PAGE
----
Most of us will have heard a crack emanate from somewhere in our bodies at some point in our lives. The causes of these sounds are many; a stiff joint in the spine, a tendon or ligament rubbing over a bony prominence being relatively minor causes, right through to a fracture of a bone being a major cause! This article will focus on a technique that osteopaths (as well as chiropractors and some physiotherapists) carry out in order to restore normal function to a joint, be that in the spine or the upper or lower limbs of the body.
The technique, in full, is known as a high velocity and low amplitude thrust, HVLAT, or HVT for short. You may have heard your clinician refer to it as a click or crack of the joint. The full name explains exactly what is happening when this technique is applied – high velocity, meaning a quick technique, low amplitude, meaning a small force technique. When applied correctly to a restricted joint, often an audible sound can be heard, which is what the clinician may refer to as a click or crack.
So what is actually happening to cause this sound? Is bone being broken? This is a common misconception among patients, the answer to which is no! (Hopefully! Which is why you should only allow a qualified practitioner to HVT/manipulate your joints – I know plenty of cracked rib stories from lay people ‘cracking’ their friends!) The sound is caused by synovial fluid cavitation and/or the release of gas bubbles from the joint to which the technique has been applied to, and below is a diagram of the lumbar spine (lower back) facet joint to which the technique shown above is being applied to…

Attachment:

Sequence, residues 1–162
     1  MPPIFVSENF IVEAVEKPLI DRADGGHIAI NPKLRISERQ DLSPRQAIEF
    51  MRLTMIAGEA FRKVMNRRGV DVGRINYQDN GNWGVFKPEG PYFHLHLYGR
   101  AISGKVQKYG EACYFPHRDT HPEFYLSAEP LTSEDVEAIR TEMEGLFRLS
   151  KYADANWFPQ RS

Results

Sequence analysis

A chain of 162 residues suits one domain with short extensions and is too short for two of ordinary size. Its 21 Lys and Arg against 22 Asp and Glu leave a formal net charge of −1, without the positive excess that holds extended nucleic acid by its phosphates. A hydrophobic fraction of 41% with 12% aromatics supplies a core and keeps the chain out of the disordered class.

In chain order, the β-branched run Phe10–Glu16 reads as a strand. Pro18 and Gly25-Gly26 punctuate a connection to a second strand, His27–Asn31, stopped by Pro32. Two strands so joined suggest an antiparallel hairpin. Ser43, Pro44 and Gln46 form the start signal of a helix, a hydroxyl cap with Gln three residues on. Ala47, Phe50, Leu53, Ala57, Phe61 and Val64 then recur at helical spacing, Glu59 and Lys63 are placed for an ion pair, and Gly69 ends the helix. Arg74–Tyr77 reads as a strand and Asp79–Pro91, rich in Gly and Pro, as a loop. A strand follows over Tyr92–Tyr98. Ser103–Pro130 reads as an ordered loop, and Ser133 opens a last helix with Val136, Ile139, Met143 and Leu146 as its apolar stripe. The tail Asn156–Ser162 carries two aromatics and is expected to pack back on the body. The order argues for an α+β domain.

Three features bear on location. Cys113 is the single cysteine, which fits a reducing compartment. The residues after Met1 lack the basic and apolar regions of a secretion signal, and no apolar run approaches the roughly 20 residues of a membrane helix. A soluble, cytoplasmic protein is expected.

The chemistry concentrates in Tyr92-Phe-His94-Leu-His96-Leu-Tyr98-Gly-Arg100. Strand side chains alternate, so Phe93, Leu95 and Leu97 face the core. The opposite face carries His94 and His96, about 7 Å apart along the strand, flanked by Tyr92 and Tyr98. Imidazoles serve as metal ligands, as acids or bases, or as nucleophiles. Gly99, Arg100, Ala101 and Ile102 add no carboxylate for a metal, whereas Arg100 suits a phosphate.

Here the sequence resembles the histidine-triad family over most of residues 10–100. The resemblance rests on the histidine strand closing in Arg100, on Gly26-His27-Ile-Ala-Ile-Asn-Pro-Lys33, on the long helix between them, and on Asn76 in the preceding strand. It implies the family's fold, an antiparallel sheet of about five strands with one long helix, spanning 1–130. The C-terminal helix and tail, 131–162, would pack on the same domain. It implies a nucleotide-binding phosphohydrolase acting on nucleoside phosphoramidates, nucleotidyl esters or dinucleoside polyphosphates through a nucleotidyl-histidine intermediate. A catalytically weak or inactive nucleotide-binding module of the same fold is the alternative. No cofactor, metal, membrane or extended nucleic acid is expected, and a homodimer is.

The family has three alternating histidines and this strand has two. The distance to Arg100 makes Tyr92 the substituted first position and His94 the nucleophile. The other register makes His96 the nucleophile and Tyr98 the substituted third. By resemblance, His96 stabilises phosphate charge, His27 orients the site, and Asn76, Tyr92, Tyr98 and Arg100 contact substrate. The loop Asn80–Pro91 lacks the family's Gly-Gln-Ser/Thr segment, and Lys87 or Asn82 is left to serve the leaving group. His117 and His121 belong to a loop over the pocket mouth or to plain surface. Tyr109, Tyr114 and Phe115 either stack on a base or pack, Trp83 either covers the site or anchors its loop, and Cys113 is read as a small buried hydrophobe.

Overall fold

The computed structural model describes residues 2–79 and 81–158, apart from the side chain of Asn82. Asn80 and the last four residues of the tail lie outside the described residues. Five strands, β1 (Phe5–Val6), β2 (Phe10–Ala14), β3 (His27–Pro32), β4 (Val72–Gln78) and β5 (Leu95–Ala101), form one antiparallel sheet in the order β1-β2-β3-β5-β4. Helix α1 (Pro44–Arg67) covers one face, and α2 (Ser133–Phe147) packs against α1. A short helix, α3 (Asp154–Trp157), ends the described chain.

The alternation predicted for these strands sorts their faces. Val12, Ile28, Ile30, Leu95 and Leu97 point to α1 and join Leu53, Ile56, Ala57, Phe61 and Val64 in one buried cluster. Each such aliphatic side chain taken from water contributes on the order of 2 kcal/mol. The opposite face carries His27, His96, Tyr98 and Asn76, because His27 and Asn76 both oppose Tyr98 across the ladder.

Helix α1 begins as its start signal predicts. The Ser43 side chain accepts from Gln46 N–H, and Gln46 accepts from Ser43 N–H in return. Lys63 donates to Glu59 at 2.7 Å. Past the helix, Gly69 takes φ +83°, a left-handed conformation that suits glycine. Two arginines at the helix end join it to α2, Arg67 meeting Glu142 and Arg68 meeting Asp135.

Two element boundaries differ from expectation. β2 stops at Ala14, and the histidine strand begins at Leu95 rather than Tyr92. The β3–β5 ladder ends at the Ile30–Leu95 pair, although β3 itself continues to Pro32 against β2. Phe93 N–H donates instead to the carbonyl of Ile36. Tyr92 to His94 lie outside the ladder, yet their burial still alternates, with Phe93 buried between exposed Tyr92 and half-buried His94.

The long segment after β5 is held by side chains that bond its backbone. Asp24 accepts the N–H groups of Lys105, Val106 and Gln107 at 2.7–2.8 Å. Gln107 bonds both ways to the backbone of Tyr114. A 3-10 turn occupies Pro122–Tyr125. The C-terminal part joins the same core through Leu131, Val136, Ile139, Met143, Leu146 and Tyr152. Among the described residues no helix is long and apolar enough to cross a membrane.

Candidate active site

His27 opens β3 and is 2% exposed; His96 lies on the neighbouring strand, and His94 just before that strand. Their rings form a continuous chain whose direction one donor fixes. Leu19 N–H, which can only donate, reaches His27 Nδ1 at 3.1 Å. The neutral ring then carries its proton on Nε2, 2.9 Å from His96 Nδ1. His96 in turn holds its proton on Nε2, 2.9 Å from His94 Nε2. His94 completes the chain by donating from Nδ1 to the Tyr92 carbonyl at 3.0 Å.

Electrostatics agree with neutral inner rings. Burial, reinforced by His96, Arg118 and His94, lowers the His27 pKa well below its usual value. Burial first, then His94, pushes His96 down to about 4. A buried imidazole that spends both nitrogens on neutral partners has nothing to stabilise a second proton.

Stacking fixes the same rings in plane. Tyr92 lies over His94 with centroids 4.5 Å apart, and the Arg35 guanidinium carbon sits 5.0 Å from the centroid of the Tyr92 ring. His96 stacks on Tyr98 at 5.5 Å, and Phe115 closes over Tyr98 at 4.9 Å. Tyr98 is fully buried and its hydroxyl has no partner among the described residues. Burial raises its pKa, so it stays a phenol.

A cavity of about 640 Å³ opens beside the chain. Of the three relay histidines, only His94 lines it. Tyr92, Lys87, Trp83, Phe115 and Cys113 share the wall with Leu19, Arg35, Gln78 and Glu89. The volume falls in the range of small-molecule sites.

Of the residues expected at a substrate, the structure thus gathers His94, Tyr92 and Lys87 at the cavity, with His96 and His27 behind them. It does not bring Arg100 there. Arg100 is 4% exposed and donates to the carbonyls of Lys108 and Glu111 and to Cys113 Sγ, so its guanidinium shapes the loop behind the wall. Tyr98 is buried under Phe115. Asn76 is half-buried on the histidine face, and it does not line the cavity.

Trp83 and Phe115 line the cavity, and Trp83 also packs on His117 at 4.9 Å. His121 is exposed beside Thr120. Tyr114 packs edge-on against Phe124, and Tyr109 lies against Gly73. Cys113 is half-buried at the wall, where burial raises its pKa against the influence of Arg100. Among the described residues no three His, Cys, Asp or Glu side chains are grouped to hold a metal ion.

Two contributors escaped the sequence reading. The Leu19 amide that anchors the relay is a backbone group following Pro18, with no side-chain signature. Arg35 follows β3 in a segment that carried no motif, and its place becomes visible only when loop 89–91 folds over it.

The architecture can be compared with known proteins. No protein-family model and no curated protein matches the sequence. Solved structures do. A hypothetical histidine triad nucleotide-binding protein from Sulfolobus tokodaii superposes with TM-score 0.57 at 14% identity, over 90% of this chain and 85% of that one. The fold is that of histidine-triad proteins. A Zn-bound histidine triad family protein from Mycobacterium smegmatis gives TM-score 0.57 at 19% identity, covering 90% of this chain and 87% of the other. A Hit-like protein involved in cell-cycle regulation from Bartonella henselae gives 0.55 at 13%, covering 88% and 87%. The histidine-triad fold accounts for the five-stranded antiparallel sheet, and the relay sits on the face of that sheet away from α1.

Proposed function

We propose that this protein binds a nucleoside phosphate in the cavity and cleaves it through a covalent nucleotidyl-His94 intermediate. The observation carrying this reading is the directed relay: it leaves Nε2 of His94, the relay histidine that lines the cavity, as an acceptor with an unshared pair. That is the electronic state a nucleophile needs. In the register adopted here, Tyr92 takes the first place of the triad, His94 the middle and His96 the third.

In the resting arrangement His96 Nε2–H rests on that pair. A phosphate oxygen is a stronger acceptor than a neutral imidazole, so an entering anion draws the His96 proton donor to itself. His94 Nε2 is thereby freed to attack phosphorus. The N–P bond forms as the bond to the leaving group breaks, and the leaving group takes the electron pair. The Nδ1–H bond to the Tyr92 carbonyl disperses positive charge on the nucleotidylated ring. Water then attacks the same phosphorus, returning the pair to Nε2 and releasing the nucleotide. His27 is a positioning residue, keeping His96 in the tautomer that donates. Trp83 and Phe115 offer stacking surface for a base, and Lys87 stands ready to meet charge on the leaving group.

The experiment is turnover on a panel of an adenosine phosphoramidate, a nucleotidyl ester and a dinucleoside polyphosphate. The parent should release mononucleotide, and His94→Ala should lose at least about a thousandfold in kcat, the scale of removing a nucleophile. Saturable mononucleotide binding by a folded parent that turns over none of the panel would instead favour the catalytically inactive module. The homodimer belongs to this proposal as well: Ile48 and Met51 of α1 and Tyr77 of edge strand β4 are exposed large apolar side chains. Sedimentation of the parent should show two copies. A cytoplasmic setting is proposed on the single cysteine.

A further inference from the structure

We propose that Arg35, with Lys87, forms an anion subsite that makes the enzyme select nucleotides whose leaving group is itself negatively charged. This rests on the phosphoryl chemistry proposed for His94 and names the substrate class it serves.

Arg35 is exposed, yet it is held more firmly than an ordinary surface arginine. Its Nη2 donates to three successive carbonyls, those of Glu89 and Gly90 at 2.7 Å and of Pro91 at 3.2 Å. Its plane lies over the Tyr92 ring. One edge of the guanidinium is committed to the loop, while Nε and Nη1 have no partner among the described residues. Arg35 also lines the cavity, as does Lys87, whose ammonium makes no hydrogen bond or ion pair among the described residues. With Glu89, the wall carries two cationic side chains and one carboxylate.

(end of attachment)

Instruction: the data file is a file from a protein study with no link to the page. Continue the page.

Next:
The suggested mechanism for the sound is thought to be cavitation within the joint. This is when small cavities of partial vacuum form in the synovial fluid, and then rapidly collapse, causing an audible sound, which varies from person to person. When the HVT is carried out, the force applied separates the articular surfaces of the synovial joint (which is fully encapsulated), which creates a reduction in the joint cavity pressure. In this low pressure environment, some of the gases dissolved in the synovial fluid, leave the solution, producing a bubble, or cavity. This cavity rapidly collapses upon itself, resulting in the clicking or cracking sound. The contents of the resultant gas bubbles are thought to be mainly carbon dioxide.
And to finish off with, a common question I get asked is “if I crack my knuckles, will I get arthritis?” The answer to this question is that there is no evidence to suggest this will cause arthritis. A medical doctor, Donald Unger, regularly cracked the knuckles of his left hand for over 60 years, whilst not cracking those of the right hand. No arthritis or other disease formed in either hand (in 2009 he was awarded the 2009 Ig Nobel Prize in Medicine).